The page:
The Enemy - Water hyacinth (Eichhornia crassipes) is a free-floating plant that has been determined to be the biggest invader in the U.S. This aquatic perennial plant has stolons - that is, the plant can spread by broken plant parts, which can start new plants. The main areas of concern are near any of the 1200 hot springs that exist throughout the state. This plant has a very waxy cupped-shaped leaf and produces a lavender and yellow flower. It has been found in the Snake River, in the Thousand Springs area, and is now illegal to sell or grow.
The Attack - It is an emerged free-floating plant, which means that it floats above the water surface. The weed completely covers the water surface, thus choking out all other vegetation and creating great habitat for mosquitoes. This not only removes food for fish, but can cause problems with irrigation and creates more stagnate water. Don’t even think about getting a boat into the water as it will stop a propeller and plug up a jet boat.
The Defense - In many areas, mechanical harvesting/dredging is possible. As with most noxious weeds, this one will most likely not be noticed until it is a large, serious problem. Once it reaches an epidemic state, aquatically approved herbicides may be used to control it when it is actively growing. Application is very difficult without an airboat. There are numerous biological control insects that feed on this plant. Always make sure that your watercraft and trailer are free from ‘hitchhikers’ when you pull out of a launch site to ensure that you are not going to take this plant from one water body to another. If you think that you have it, call for proper identification and consider environmental issues when trying to treat.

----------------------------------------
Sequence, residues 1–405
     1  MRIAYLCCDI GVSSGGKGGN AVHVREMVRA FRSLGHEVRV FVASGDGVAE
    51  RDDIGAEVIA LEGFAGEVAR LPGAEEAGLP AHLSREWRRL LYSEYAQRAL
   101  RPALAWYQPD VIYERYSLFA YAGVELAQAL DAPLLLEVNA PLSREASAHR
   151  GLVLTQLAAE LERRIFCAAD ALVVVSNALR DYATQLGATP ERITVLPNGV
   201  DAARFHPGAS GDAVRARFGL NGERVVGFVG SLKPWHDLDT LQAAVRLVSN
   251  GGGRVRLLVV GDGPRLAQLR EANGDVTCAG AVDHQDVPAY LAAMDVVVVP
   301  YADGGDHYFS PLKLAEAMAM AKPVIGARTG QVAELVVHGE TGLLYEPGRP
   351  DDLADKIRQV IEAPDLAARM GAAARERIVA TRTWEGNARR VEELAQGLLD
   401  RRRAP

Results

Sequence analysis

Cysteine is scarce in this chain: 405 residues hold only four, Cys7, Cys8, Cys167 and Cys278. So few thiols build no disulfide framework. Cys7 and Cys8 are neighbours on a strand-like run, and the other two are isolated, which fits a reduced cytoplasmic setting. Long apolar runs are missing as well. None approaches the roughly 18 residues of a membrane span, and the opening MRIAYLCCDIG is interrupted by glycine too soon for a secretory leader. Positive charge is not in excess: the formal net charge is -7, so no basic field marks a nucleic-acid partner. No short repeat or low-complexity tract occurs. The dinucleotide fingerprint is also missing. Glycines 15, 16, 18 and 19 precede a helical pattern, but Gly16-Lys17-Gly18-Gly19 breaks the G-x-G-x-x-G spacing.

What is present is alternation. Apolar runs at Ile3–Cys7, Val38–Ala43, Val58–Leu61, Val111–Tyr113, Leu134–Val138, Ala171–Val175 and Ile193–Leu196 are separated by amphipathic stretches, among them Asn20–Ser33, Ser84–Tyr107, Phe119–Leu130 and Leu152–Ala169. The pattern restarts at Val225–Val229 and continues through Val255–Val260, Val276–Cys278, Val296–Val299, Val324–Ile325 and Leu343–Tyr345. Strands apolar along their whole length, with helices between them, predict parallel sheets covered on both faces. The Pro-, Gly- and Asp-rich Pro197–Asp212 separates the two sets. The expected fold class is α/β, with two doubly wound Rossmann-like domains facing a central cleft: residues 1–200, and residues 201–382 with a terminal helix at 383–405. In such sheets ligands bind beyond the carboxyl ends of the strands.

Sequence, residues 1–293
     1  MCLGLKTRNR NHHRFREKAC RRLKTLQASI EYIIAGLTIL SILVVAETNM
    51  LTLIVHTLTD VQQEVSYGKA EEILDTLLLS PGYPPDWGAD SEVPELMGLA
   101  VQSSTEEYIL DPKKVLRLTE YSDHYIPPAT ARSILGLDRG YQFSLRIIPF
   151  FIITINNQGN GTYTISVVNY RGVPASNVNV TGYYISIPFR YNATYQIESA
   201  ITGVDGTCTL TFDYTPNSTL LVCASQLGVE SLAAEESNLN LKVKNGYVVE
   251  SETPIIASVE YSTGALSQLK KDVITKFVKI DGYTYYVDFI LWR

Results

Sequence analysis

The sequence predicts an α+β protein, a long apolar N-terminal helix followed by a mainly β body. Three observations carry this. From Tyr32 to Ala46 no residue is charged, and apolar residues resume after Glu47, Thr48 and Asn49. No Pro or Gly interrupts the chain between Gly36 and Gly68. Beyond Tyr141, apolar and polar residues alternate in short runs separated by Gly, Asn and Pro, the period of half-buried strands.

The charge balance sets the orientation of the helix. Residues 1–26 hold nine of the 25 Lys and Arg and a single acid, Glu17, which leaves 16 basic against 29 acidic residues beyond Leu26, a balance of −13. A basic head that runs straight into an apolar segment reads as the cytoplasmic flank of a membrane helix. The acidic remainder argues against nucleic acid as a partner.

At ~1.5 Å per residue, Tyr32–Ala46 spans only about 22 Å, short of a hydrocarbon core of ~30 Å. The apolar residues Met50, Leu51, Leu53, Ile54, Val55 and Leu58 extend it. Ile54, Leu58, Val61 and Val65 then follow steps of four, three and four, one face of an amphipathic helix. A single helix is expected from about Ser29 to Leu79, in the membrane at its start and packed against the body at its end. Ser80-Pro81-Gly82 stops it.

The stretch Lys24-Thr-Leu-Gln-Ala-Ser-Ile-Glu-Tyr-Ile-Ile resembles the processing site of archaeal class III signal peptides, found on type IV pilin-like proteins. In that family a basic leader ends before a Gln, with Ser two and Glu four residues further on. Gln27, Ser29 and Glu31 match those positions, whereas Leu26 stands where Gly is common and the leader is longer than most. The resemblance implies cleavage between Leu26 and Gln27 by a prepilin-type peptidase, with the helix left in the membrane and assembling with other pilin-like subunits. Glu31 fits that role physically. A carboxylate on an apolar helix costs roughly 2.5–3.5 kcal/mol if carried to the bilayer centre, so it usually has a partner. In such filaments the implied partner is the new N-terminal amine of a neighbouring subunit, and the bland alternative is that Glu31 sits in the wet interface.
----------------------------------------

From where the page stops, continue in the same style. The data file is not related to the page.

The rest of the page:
PLEASE NOTE - The proper use and application of herbicides can be an effective way to control and eradicate noxious and invasive plants. Before using herbicides, always carefully follow the label and safety instructions on the label. While we recommend the use of herbicides as one of the effective tools for integrated pest management, the Idaho Weed Awareness Campaign assumes no liability for herbicide applications.
For more information, click on the link below to download the Idaho's Noxious Weeds Control Guidelines publication produced by the University of Idaho Extension.
U of I Idaho's Noxious Weeds Control Guidelines (183 KB PDF download)